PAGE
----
Washington: India and the US share a robust working relationship on addressing the major challenge posed by fentanyl drugs, a top health official in the Biden administration has said.
Fentanyl is a highly potent synthetic opioid primarily used as an analgesic. Since 2018, fentanyl and its analogues have been responsible for most drug overdose deaths in the US, causing over 71,238 deaths in 2021.
The Biden administration launched a massive campaign on Thursday to educate young people about the dangers of fentanyl and the life-saving effects of Naloxone, a medicine that reverses opioid-related overdoses.
“India has been very enthusiastic working with the United States to address this (fentanyl problem) because it understands the significance at a global level of leadership,” Dr. Rahul Gupta, Director of Office of National Drug Control Policy, a position which is popularly known as Drug Czar, told PTI.
He said India is acting like a global leader when it comes to addressing the threat of synthetic drugs.
“There is a robust working relationship between the United States and India on this because it understands the significance at a global level of leadership,” said Dr Gupta, who is one of the highest-ranking Indian Americans in the Biden administration.
Referring to remarks of Prime Minister Narendra Modi that India is the pharmacy of the world, Gupta said the country has a large pharmaceutical and chemical industry.
“There’s a lot of work going on, including bilateral working relationships around synthetic drugs, and mental health as well as the pharmaceutical arena,” he said.
“We are very excited about that relationship. We’re looking forward to furthering our bilateral relationship and strengthening it because we know that India can and will and is playing the role of a global leader in this area,” Gupta said.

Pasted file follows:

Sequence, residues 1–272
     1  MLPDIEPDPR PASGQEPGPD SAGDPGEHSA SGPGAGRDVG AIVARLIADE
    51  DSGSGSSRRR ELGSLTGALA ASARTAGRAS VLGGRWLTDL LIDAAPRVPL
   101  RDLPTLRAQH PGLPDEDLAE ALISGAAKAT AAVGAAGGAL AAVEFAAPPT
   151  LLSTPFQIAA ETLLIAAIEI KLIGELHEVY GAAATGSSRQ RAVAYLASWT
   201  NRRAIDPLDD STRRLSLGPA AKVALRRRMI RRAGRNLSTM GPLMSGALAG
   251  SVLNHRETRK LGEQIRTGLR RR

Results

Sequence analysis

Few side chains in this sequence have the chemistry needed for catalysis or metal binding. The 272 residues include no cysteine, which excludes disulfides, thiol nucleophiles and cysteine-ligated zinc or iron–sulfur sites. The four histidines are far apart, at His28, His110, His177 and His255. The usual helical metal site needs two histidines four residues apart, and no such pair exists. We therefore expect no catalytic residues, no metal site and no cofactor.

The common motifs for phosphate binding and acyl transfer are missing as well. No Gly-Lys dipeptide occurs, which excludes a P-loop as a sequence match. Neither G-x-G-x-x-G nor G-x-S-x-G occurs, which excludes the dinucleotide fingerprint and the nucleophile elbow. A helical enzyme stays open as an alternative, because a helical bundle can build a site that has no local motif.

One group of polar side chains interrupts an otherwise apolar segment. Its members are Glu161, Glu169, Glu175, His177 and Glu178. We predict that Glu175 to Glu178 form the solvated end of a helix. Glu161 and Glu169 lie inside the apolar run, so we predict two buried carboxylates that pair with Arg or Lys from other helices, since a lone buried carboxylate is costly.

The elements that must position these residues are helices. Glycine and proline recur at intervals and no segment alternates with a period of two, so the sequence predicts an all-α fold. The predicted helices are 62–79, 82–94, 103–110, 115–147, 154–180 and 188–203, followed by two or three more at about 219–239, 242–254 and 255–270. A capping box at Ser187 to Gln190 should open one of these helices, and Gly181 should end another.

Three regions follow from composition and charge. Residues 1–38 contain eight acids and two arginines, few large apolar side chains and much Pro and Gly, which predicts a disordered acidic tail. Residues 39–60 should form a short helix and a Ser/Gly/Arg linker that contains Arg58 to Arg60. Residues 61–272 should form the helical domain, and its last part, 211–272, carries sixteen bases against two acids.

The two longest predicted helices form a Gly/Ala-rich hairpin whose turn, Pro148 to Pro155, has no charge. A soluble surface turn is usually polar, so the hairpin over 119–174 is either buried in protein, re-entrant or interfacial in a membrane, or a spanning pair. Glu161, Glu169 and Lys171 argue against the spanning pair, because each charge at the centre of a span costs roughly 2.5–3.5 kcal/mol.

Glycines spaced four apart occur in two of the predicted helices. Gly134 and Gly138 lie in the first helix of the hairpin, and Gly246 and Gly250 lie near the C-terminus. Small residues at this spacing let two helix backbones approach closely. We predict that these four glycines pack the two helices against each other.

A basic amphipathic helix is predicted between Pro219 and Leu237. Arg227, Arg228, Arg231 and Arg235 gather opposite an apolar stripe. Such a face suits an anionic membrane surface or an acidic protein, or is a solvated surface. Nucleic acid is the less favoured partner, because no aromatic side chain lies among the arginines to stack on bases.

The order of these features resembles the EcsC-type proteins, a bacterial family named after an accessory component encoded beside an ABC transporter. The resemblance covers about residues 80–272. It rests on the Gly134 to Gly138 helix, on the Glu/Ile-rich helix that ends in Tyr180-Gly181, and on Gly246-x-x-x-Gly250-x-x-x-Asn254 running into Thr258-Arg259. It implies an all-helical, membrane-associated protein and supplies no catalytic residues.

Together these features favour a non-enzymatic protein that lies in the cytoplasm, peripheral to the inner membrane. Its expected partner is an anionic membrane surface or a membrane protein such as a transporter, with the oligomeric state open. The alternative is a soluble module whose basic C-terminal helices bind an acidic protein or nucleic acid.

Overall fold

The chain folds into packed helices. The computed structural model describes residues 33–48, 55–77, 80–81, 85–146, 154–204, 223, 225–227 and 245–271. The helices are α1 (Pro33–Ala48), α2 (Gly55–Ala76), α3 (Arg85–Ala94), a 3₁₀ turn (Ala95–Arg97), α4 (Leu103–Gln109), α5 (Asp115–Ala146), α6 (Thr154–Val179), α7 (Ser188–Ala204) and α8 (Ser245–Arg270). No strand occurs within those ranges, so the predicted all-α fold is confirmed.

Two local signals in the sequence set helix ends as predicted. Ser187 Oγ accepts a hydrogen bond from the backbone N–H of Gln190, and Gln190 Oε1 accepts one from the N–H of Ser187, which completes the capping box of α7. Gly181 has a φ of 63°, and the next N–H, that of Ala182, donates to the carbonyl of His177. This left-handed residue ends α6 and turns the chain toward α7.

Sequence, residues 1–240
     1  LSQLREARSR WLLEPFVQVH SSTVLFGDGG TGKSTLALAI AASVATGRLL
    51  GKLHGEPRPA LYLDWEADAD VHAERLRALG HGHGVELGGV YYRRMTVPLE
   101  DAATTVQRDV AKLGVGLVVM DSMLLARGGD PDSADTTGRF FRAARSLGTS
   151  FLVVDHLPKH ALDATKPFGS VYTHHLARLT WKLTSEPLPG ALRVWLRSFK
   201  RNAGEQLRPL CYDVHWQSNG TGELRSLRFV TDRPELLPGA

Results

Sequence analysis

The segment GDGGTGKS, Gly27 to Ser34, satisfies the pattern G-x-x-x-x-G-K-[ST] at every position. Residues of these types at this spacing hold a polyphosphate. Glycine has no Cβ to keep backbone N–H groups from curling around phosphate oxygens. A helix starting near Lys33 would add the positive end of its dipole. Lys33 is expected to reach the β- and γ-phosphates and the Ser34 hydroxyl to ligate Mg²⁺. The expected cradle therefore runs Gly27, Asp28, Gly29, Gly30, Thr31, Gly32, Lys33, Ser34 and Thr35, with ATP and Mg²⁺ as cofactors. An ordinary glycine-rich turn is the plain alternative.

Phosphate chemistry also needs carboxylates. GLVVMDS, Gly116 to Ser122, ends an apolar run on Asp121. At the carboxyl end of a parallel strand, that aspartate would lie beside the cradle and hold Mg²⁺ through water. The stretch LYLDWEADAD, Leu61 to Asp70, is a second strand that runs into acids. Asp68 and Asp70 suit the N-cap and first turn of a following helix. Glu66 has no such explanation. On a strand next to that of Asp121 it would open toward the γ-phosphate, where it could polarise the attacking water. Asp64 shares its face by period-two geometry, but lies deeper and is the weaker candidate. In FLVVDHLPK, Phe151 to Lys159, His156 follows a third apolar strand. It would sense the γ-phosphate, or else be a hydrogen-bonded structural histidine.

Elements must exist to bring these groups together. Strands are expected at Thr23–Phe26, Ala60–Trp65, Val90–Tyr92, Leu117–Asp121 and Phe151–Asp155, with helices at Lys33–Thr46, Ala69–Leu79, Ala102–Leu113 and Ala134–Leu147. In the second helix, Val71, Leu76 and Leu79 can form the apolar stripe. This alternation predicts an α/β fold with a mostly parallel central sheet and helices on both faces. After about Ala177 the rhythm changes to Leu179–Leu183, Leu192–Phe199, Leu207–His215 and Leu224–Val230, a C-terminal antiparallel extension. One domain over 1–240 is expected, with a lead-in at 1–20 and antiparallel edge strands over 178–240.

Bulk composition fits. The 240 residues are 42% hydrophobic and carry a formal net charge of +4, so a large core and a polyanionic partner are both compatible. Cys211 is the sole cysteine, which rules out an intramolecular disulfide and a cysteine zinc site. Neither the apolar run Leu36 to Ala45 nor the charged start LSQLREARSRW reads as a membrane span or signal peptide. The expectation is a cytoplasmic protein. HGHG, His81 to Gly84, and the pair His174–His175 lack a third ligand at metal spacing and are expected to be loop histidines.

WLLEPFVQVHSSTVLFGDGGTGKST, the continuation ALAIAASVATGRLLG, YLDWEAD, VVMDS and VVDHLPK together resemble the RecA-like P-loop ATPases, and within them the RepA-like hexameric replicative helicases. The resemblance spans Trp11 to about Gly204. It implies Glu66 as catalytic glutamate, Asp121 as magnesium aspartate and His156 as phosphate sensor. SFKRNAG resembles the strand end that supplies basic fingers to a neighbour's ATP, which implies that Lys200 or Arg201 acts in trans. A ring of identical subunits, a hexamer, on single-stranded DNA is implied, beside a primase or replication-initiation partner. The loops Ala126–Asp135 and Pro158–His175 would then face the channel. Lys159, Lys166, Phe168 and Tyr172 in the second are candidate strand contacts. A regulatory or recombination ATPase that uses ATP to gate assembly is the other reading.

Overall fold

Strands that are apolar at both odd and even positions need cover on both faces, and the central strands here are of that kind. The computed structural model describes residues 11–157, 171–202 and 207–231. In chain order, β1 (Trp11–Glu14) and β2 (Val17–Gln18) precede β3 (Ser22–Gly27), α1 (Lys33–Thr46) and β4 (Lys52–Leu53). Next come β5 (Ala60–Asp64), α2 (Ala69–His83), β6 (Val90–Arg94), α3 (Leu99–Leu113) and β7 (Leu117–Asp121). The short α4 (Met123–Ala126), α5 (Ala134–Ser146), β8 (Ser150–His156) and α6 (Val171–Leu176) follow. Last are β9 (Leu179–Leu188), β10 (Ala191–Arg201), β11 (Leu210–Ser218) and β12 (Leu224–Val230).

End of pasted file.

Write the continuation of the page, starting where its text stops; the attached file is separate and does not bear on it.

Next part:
The United States and Indian governments are working to make sure that they are both looking at their scheduling regimes, he said.
“How do we schedule controlled substances? We’re working together to counteract the drug supply routes and networking, as well as prevention of the diversion of these chemicals,” he said.
Gupta said the chemicals are often shipped to other countries and used in the production of these deadly drugs.
He said the two countries are also working together on issues like addiction, treatment expansion, the overlap that happens between mental health and addiction.
“There’s a lot of work, but we’re excited about the enthusiasm and the ability of both countries to partner on this very important topic,” he said.
He said the data shows that less than half of the young people in the US know or understand that fentanyl, a dangerous drug that can kill them, is in their drug supply.
“But if you look at it from a pandemic standpoint, so much has changed: which drugs are out in the market has changed how people acquire drugs and what those drugs have changed,” he said.
As part of the campaign, he said the aim is to meet young people to tell them that they can also have the tools to save lives.
Carrying Naloxone or Narcan, which is an antidote for opioids like fentanyl, it is important for them to carry it because they could be saving the life of themselves, their friends, neighbours, or somebody at school or work, Gupta said.
“It’s really important for us to be telling young people that you are empowered and have the ability to save other people’s lives and carry naloxone with you. Because we don’t know next time who is going to be going through the poisoning,” he said.
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“We are also adding to the social media work, and messengers, digital ads that will be displayed in certain states in places like subway stations, college malls, grocery stores to make sure that we meet young people where they are and share this important message, which can often be potentially lifesaving,” he said.
“This is a challenge, prevails throughout communities, and I’ve seen this in the Indian American community, that it has taken the toll and has taken the lives of young children as well as young adults. So, it’s really important that we spread this message,” he said.
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